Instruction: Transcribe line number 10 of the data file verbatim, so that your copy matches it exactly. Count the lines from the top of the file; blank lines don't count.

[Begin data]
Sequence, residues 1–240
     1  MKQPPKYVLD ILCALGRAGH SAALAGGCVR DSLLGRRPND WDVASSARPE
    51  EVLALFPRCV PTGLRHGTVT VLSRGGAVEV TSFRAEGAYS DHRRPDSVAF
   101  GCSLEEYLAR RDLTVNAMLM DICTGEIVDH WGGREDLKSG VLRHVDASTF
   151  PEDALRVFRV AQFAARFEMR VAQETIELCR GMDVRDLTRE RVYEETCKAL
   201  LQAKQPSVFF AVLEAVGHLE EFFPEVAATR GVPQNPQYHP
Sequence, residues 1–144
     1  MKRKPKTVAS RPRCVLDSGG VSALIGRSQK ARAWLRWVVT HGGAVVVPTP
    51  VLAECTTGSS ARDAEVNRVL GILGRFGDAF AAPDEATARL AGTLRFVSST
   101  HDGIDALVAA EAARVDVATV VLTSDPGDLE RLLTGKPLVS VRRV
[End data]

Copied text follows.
   101  HDGIDALVAA EAARVDVATV VLTSDPGDLE RLLTGKPLVS VRRV